Kill It with a Skillet

Cobbler & Steaks Cast Iron Skillet“Killer cobbler and perfectly seared steaks – two easy ways to create memorable dishes this summer in your cast iron skillet.”

imageThis summer my cast iron skillet has become such a go-to tool that it seems to reside permanently upon by cook-top. In spite of its small cost – for many tasks it outperforms much more costly cabinet rivals – think Le Crueset and All Clad. The beauty of cast iron is that it distributes heat evenly and for charring you can get the surface white hot with no danger of ruining your food or the pan. It’s also highly versatile. In this post I hope to tackle two uses which are markedly distinct –  Pan Searing Meat (achieving a great charred crust with out the hassle of heating up your grill) and Cooking Cobbler (using a wonderful heirloom recipe from Virginia Williis). But first let’s start with the pan. I prefer The Lodge 12″ Version – it is big enough for multiple steaks and deep enough to fry chicken. Lodge Skillets come factory seasoned – so upon purchase they are ready to go. Plus I love that all of the 100+ year old company’s products are made in their Tennessee foundry.

Cast iron gets better with age – as the pan further “seasons” after each use. This helps build flavor and also create a non-stick surface. A key thing to remember is that these pans should never go in the dishwasher – in fact I prefer not to use soap when cleaning mine. I simply fill the pan with water – bring it back to a boil –  use a plastic spatula to scrape away bits – and then rinse.  You can also use kosher salt as an abrasive to help scrub away stubborn spots. After rinsing I return the pan to the stove to get hot again – this helps evaporate water and prevent rusting. And finally before putting my skillet away I rub the surface with just a tiny amount of vegetable oil.

Now onto the food . . .First up – how to use your skillet to perfectly sear meat

Flawless Pan Seared Ribeyes (or Burgers)

Ribeye Pan Seared TechniquesFor dinner parties at The Richmond you will often see multiple skillets going simultaneously.  I love to use this technique for ribeyes and it is also great burgers.  First select your meat – remove it from the refrigerator and place it on a cutting board.  Give it a very light coat of vegetable oil or lightly coat with a non-stick cooking spray like Pam.  Season the meat generously on all sides with salt and pepper and let it return to room temperature.  Meanwhile place your cast iron skillet over high heat for 15 to 20 minutes – or until the surface seems white hot.  The pan should be so hot that it almost scares you.  Place the meat on the skillet.  For 1 1/2 ” ribeyes sear them untouched for 3 minutes and then turn them to sear for 3 minutes more on the other side. Use a timer, be strict and you will end up with a perfect medium rare steak with a warm red center. Obviously you can adjust the cooking time up or down for more rare or well done temperatures or for thinner/thicker cuts. For burgers form 1 1/2 inch patties and cook 2 1/2 minutes per side for medium rare. To add a more decadent flavor – melt a few tablespoons of butter in the pan after you have removed the meat and the pan has cooled very slightly (you still want it hot enough to brown the butter). Return the meat to the pan for a quick coat on both sides before serving.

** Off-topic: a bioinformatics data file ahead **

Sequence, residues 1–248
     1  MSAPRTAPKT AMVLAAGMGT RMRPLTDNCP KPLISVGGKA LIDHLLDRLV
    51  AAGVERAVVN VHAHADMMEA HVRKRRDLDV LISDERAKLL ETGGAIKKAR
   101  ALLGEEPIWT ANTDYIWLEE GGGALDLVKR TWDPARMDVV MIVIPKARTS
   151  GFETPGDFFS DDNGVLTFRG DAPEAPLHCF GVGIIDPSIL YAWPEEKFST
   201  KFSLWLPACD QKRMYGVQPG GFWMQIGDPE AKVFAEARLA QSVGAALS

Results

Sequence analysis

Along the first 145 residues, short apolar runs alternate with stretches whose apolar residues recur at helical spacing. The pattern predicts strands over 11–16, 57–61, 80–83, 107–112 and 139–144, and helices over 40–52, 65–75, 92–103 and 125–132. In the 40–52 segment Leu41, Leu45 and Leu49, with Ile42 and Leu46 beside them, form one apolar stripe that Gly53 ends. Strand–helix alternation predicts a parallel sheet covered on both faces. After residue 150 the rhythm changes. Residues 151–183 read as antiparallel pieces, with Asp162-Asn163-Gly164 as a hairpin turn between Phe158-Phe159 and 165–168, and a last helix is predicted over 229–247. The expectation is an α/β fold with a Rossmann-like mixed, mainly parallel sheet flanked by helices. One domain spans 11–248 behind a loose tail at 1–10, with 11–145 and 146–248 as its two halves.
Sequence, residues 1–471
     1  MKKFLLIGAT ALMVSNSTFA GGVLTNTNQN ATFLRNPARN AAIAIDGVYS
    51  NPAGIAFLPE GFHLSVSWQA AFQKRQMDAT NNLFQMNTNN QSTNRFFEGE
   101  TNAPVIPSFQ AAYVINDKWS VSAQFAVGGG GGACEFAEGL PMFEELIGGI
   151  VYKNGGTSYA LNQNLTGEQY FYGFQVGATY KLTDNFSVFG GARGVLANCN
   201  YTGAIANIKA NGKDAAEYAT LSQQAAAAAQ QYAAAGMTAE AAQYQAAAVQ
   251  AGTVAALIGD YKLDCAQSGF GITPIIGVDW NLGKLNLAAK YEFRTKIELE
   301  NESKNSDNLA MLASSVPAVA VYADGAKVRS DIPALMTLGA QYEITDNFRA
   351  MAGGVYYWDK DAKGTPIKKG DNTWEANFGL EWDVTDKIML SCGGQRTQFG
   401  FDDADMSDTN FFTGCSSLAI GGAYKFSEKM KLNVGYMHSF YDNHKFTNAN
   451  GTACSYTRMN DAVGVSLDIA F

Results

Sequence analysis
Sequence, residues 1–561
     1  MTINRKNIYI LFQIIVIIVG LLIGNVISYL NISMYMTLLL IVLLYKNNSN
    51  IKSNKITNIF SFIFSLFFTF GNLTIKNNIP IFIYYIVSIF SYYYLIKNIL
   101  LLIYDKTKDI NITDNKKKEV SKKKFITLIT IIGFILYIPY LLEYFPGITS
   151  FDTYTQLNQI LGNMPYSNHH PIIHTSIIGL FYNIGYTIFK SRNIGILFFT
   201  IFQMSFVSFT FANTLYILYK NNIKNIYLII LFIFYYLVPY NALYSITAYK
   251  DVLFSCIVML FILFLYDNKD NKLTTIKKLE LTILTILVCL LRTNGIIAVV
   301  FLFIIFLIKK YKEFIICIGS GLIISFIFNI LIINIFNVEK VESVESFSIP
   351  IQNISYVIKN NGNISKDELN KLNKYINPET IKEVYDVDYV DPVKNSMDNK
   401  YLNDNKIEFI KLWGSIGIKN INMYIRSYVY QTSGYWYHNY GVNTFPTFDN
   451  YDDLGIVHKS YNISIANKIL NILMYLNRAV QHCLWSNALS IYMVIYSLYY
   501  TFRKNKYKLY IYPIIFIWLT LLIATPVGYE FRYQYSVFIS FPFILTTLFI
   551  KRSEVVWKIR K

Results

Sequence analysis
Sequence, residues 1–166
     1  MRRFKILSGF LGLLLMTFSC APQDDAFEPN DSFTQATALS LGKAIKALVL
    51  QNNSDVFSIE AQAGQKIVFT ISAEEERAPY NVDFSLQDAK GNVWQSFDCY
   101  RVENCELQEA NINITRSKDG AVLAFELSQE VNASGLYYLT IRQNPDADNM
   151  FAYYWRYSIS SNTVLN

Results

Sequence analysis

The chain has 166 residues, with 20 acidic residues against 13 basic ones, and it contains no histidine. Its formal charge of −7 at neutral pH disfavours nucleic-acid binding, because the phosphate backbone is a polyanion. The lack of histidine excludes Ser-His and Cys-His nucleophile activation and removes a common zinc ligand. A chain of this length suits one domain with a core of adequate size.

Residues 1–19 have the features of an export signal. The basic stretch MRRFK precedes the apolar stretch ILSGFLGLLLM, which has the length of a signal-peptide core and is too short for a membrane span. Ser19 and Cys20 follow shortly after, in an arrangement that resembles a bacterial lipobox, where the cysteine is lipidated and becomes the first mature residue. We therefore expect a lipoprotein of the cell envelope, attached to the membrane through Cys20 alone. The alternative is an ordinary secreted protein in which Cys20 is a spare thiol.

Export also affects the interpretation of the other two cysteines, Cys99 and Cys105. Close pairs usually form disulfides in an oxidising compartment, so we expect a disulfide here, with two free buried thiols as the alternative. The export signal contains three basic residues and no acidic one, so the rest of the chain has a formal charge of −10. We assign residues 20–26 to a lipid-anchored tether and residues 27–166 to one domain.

And now for the cobbler . . . . I am a huge fan of Virginia Willis’ cookbook – Bon Appetit Y’all. It is a perennial best seller at our store – space519. A classically trained chef, Willis recounts heirloom recipes from her Southern Family and tweaks them slightly with modern techniques. What I love about her cobbler is its simplicity – one bowl for mixing and a skillet for baking and serving. The cast iron creates a perfectly browned crust. Plus the whole thing comes together in minutes. The final dish has a showstopping presentation and wonderful flavor. The ultimate summer comfort food. In her book she uses Blackberries – but I find any fresh fruit will do. It is especially good with fresh peaches. The recipe follows:

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